Camdyn Ingram of Live Oak placed second at Greco-Roman National Tournament | High school sports


FARGO, North Dakota – Sometimes a career highlight happens when you least expect it. Live Oak High wrestler Camdyn Ingram made competitive history in a discipline he trained for just four months.

Ingram placed second in the 152-pound category of the Greco-Roman competition at the Marines National Cadet and Junior Championship on Thursday.

“I didn’t know what to expect. I started training at Greco Roman for the first time after the end of the high school season,” Ingram said. “What I knew was that I wanted to come home with an All-American honor somehow. “

Ingram becomes the third school-aged contender from Louisiana to advance to a final at the national tournament level. The other two were former Rummel star Scott Gibbons and ex-Northside High star Daniel Cormier, an Olympian who is now one of the UFC’s top contenders in the world.

Ingram lost 7-1 to Carson Manville of Pennsylvania in Thursday’s final. Junior LOHS won three bouts on day one of the Greco-Roman competition, including a pin for a victory from behind over competitor No.3.

In addition to the Greco-Roman second place, Ingram also placed eighth in the freestyle wrestling competition, earning an All-American honors spot earlier in the week.

The difference between the two wrestling disciplines is notable. Greco-Roman competitors are not allowed to trip or grab an opponent’s legs, emphasizing strength and upper body movements.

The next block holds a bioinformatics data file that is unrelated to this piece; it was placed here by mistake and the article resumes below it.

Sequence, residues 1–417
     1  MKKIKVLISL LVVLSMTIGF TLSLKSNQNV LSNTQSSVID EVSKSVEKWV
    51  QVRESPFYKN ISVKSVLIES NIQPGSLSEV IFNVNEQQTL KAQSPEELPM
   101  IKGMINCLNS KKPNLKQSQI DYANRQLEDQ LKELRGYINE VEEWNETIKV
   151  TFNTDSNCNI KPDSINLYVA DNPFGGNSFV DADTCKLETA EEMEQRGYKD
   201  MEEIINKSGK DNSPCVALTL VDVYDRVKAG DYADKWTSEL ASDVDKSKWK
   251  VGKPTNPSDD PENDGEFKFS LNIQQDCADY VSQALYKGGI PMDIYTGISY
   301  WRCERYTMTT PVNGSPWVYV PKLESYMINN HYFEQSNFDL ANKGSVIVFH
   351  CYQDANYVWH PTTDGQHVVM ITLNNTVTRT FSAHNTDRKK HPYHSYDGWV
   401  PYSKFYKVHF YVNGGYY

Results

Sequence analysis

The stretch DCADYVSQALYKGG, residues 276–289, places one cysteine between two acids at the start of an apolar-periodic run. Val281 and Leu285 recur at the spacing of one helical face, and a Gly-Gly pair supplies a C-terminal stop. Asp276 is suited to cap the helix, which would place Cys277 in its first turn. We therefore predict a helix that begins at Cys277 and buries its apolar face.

“I lost my first fight (freestyle) and then won six in a row,” said Ingram, who was 6-2 in the freestyle of the tournament. “If I had won one more time, I would have been named an All-American there. It motivated me.

In his sophomore for the Eagles, Ingram had an incredible 65-1 record which included the Baton Rouge Metro and LHSAA Division II titles also at 152 pounds. He begins his junior season with a career record of 122-6.

“It’s a huge accomplishment,” said LOHS coach Chris Collier. “Camdyn has worked so hard over the past four or five months to get to this point. He went to New Orleans and looked for the best competition. He deserved it.

Ingram said the second place / All-American finish provides a boost of confidence and motivation.

“Before that, I think people saw me as a guy who was just good in Louisiana,” Ingram said. “Now they see there is more to it. I can’t wait to resume training.


Robert J. King